Wednesday, August 4, 1999


Posted By on Wed, Aug 4, 1999 at 12:00 AM

The excitement among the political press corps when the Lewinsky story broke was palpable: A new generation of reporters would get their very own Watergate and the opportunity to walk in the shoes of Bob Woodward and Carl Bernstein. But as Clinton headed toward impeachment and the public showed disgust not just with the political process but the very media covering it, the gleeful expressions turned to confusion. "This is a huge story but no one seems to care," they pontificated – what went wrong?

Although it isn’t up to Dick to answer that question, this light-hearted political satire from writer-director Andrew Fleming (Threesome, The Craft) will inevitably be burdened with fall-out from the scandal. After Monica, the idea that girls could gain access to the president and acquire the kind of information that could bring him down doesn’t seem so far-fetched.

Fifteen-year-old best friends Betsy Jobs (Kirsten Dunst) and Arlene Lorenzo (Michelle Williams) literally stumble upon important state secrets – first in the Watergate building and later at the White House during a school group tour – but have no idea of their significance. When they meet Richard M. Nixon (Dan Hedaya), he recognizes the girls as a potential threat to security. Nixon employs them as White House dog walkers and "unofficial youth advisers" so he can keep a close eye on them.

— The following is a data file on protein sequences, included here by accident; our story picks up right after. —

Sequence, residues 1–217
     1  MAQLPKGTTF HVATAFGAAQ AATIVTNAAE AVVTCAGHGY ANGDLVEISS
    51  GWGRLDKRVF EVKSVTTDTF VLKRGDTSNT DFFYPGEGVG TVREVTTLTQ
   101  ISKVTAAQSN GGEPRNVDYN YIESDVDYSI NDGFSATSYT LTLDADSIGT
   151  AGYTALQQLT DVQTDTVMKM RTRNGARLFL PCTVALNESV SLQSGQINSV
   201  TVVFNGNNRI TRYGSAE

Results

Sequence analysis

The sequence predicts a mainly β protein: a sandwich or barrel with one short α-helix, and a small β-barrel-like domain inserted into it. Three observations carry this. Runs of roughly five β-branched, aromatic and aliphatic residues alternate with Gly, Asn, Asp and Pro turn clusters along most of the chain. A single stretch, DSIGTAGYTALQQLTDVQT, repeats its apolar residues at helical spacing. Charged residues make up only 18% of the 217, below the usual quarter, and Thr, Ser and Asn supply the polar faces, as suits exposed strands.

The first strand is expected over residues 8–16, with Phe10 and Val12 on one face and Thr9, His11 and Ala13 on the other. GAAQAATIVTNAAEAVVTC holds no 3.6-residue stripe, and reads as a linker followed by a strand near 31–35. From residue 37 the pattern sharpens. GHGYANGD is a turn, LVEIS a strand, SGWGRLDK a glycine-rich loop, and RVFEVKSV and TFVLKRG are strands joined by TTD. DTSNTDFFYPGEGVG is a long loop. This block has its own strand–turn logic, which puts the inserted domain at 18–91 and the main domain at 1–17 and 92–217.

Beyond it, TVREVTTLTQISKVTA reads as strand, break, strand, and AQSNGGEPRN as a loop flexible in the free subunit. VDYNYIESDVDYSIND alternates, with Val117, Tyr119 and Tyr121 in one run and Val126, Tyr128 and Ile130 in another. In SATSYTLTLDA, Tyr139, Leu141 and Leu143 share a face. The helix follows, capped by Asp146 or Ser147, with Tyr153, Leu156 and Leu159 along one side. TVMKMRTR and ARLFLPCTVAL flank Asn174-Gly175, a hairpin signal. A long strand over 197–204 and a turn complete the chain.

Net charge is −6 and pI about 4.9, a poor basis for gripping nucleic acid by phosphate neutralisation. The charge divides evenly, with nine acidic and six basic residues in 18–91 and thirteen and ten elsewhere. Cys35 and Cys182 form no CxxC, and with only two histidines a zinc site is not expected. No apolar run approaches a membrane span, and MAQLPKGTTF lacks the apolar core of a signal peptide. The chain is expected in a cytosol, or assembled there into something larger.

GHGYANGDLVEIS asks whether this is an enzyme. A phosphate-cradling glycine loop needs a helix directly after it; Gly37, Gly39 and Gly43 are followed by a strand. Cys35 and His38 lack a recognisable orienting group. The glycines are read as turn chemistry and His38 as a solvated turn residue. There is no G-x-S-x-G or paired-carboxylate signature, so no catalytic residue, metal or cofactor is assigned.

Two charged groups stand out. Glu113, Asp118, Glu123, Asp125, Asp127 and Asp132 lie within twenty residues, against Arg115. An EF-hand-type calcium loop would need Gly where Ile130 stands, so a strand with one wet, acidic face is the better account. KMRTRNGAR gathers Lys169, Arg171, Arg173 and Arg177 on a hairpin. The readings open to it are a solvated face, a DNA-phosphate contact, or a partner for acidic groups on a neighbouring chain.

At first, the girls love secrets and their powerful new friends. Arlene even develops an immense crush on Tricky Dick himself. But dark clouds appear over Eden when they hear the real Nixon on the Oval Office tapes. In no time, they’ve become Deep Throat, feeding information to Woodward (Will Ferrell) and Bernstein (Bruce McCulloch), hilariously depicted as backstabbing opportunists.

Andrew Fleming wisely chooses not to belabor the parallels between then and now, which allows Dick to stand on its own. By mining humor from the social and political climate of the early ’70s – and not telegraphing its eventual repercussions – Fleming creates a nifty little story about innocence transformed into experience instead of cynicism. There’ll be plenty of time for that later.

Serena Donadoni writes about film for the Metro Times. E-mail her at


We welcome readers to submit letters regarding articles and content in Detroit Metro Times. Letters should be a minimum of 150 words, refer to content that has appeared on Detroit Metro Times, and must include the writer's full name, address, and phone number for verification purposes. No attachments will be considered. Writers of letters selected for publication will be notified via email. Letters may be edited and shortened for space.

Email us at

Detroit Metro Times works for you, and your support is essential.

Our small but mighty local team works tirelessly to bring you high-quality, uncensored news and cultural coverage of Detroit and beyond.

Unlike many newspapers, ours is free – and we'd like to keep it that way, because we believe, now more than ever, everyone deserves access to accurate, independent coverage of their community.

Whether it's a one-time acknowledgement of this article or an ongoing pledge, your support helps keep Detroit's true free press free.

Read the Digital Print Issue

March 3, 2021

View more issues


Never miss a beat

Sign Up Now

Subscribe now to get the latest news delivered right to your inbox.

Best Things to Do In Detroit

© 2021 Detroit Metro Times - Contact Us

Website powered by Foundation